Link to Talk Video: https://mediaspace.illinois.edu/media/t/1_timpzr7m
Abstract: While deep neural networks have achieved large gains in performance on benchmark datasets, their performance often degrades drastically with changes in data distribution encountered during real-world deployment. In this work, through systematic experiments and theoretical analysis, we attempt to understand the key reasons behind such brittleness of neural networks in real-world settings and why fixing these issues is exciting but challenging.
We first hypothesize, and through empirical+theoretical studies demonstrate, that (i) neural network training exhibits "simplicity bias" (SB), where the models learn only the simplest discriminative features and (ii) SB is one of the key reasons behind non-robustness of neural networks. A natural way to fix SB in trained models is by identifying the discriminative features used by the model and learning new features “orthogonal” to the learned feature.
Post-hoc gradient-based attribution methods are regularly used to identify the key discriminative features for a model. But, due to lack of ground truth, a thorough evaluation of even the most basic input gradient attribution method is still missing in literature. Our second contribution is to overcome this challenge through experiments and theory on real and designed datasets. Our results demonstrate that (i) input gradient attribution does NOT highlight correct features on standard models (i.e., trained on original data) but surprisingly, it does highlight correct features on adversarially trained models (i.e., trained using adversarial training) and (ii) "feature leakage", which refers to the phenomenon wherein, given an instance, its input gradients highlight the location of discriminative features in the given instance as well as in other instances that are present in the dataset, is the reason behind why input gradient attribution fails for standard models.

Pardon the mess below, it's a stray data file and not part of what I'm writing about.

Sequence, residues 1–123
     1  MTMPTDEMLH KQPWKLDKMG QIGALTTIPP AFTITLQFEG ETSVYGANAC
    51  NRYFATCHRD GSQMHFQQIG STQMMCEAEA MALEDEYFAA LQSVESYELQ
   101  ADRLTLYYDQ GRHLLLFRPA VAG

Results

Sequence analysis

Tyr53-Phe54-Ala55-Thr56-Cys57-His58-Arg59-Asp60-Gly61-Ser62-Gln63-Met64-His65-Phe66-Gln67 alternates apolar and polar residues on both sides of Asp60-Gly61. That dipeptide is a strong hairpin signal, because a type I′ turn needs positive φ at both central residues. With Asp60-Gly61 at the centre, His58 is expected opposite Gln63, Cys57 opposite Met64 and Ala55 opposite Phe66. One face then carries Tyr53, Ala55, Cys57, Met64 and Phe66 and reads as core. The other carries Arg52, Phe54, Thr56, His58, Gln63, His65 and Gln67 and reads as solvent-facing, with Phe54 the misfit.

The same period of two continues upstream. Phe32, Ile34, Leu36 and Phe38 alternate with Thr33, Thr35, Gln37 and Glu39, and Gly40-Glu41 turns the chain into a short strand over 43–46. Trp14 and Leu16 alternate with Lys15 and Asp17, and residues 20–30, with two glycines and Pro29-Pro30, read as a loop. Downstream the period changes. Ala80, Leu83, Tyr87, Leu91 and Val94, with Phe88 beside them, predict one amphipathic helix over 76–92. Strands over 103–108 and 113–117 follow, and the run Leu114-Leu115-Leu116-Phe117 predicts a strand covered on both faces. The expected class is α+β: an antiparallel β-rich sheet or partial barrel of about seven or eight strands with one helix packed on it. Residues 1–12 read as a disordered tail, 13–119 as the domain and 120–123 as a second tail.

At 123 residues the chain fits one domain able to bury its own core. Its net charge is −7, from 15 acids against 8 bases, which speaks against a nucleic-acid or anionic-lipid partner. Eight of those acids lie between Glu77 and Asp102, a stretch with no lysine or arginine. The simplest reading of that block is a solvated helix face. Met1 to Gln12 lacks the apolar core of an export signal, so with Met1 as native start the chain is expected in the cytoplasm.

Our work raises more questions than it answers, so we will end with interesting directions for future work.
Bio: Prateek Jain is a research scientist at Google Research India and an adjunct faculty member at IIT Kanpur. Earlier, he was a Senior Principal Researcher at Microsoft Research India. He obtained his PhD degree from the Computer Science department at UT Austin and his BTech degree from IIT Kanpur. He works in the areas of large-scale and non-convex optimization, high-dimensional statistics, and ML for resource-constrained devices. He wrote a monograph on Non-convex Optimization in Machine Learning summarizing many of his results in non-convex optimization. Prateek regularly serves on the senior program committee of top ML conferences and is an action editor for JMLR, and an associate editor for SIMODS. He has also won ICML-2007, CVPR-2008 best student paper award and more recently his work on alternating minimization has been selected as the 2020 Best Paper by the IEEE Signal Processing Society.